March has arrived once again, and as we turn our thoughts toward warm-weather outdoors activities, I wanted to take a moment to remind you that March is also Colon Cancer Awareness Month. Many of us have loved ones who have been affected by colon cancer. Indeed, colorectal cancer is second only to lung cancer as the leading cause of cancer deaths in America. While many of us are familiar with the basics of this cancer, not enough of us are aware that colorectal cancer can be prevented, not just detected, through colonoscopy.
Colorectal cancer usually begins as a pre-cancerous growth (polyp) that slowly grows into the colon wall over several years. When detected early, a polyp can be removed with a simple procedure, halting its progression to colorectal cancer. While early detection of any cancer is important, preventing a cancer from ever occurring is even more powerful.
Who should be screened for colon cancer? The simple answer is everyone between the ages of 50 and 75. However, other high-risk groups should be screened at a younger age. African-Americans are at higher risk for colorectal cancer and should start screening at age 45. Those with a family history of colon cancer or with other medical conditions may also need to start screening at a younger age. Talk to your doctor to discuss the appropriate age for screening in your own personal situation.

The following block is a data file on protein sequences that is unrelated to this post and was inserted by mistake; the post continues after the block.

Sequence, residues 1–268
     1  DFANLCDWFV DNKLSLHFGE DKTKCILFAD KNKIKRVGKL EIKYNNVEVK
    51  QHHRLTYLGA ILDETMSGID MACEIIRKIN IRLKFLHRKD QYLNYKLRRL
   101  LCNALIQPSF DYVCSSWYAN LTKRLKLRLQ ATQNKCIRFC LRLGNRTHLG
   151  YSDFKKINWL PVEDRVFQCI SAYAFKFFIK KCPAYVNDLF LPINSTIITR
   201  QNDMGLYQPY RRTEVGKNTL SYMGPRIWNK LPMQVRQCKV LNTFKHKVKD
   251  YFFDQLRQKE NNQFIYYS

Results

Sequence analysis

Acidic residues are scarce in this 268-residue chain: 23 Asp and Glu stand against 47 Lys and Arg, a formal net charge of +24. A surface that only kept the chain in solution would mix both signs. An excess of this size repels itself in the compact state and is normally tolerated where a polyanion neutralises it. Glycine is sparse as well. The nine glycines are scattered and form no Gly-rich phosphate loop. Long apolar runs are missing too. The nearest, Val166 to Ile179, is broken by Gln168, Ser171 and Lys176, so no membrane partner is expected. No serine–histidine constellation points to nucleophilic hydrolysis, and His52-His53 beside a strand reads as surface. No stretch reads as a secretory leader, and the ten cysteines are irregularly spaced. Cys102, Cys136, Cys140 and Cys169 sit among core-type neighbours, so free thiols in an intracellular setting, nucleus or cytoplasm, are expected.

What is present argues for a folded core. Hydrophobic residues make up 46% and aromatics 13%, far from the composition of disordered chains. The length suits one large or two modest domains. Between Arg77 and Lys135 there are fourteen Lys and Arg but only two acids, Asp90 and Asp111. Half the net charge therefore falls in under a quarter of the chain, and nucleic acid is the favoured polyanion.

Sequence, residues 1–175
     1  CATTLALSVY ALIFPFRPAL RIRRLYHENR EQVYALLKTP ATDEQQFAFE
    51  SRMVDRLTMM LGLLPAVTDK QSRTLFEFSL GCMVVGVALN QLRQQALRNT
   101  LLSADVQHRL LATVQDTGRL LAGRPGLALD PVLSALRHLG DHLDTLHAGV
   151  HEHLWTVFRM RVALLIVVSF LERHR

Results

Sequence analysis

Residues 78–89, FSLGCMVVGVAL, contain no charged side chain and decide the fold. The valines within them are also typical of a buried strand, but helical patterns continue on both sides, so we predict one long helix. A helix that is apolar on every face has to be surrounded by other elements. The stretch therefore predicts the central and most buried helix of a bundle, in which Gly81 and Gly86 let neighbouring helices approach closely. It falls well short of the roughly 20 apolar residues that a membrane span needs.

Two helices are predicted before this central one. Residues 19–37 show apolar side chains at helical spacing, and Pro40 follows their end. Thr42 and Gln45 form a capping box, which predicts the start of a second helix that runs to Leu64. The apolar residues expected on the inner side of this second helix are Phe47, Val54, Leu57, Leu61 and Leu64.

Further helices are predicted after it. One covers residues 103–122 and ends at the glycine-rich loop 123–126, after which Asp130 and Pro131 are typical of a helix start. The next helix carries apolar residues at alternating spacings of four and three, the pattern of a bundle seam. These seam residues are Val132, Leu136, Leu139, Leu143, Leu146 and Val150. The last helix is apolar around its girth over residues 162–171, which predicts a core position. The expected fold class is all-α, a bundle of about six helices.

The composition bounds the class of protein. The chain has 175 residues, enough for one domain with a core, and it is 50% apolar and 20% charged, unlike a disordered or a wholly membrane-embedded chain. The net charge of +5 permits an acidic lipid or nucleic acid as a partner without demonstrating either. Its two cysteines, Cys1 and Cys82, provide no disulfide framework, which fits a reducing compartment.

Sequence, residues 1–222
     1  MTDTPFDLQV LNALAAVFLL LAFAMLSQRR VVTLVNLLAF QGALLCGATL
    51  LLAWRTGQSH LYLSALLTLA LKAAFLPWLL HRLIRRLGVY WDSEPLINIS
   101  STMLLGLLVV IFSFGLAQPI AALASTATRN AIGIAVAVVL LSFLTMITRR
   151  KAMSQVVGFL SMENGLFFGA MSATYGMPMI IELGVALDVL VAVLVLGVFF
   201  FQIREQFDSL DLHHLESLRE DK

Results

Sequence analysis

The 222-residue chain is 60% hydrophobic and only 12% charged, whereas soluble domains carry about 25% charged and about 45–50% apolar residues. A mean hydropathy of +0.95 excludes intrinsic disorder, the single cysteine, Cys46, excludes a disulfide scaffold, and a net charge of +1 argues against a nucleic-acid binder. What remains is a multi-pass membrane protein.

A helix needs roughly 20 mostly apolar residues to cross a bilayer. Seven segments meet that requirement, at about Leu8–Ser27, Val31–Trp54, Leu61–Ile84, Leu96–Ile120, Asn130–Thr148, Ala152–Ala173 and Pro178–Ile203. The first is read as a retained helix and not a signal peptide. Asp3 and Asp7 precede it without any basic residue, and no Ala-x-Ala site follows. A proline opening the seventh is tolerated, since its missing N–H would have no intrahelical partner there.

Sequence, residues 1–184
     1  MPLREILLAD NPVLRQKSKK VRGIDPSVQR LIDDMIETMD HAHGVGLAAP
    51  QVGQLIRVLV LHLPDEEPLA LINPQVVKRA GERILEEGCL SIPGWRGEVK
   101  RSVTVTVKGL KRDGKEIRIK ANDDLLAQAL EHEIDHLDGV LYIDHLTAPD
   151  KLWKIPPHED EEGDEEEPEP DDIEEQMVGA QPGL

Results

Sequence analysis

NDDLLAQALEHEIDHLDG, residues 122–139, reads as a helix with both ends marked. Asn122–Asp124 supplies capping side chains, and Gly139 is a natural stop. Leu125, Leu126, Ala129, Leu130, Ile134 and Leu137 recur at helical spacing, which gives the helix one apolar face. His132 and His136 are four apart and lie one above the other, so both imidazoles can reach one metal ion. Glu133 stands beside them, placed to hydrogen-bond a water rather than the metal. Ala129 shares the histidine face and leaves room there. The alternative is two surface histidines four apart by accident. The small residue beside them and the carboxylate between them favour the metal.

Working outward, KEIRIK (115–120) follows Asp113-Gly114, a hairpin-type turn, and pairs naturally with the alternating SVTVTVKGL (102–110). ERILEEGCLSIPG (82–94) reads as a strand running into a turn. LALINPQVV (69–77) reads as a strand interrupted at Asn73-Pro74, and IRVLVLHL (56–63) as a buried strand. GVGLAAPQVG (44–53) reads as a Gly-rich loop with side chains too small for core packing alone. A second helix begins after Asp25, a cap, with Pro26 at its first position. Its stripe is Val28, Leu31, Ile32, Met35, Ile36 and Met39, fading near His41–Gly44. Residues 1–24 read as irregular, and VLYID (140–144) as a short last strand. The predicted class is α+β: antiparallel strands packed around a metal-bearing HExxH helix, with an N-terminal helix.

Certain symptoms should also prompt you to discuss colonoscopy with your doctor, as these symptoms might prompt earlier testing. Warning signs include rectal bleeding, abdominal pain, or significant changes in bowel habits.
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So how are Idahoans doing in terms of preventing colon cancer? The answer is mixed. Colorectal cancer screening has reduced the incidence of colon cancer almost 30 percent over the past 20 years, but we can do so much better. Despite intensive efforts nationwide, one out of every three adults between the ages of 50 and 75 — almost 23 million Americans — is not getting tested for colorectal cancer as recommended. Thanks to improved awareness, Idaho’s screening rates are increasing, but we still lag significantly behind the national average.
According to the American Cancer Society, the colon cancer death rate in this country could be cut in half if all Americans simply followed recommended screening guidelines. During the last year alone, more than 50,000 people died of colorectal cancer in the United States, and many of those deaths would have been completely preventable through colorectal cancer screening.
Current guidelines suggest multiple colon cancer screening options, including stool tests, barium enema and colonoscopy. Any colon cancer screening strategy is better than none at all, but each test has its own pros and cons. The American College of Gastroenterology recommends colonoscopy as the preferred cancer prevention strategy because this test can both detect polyps and remove them during the same procedure. So please remember to discuss colon cancer screening with your doctor at your next visit — it could save your life.
Dr. Mark A. Mallory is with The Digestive Health Clinic Idaho and is governor for the American College of Gastroenterology.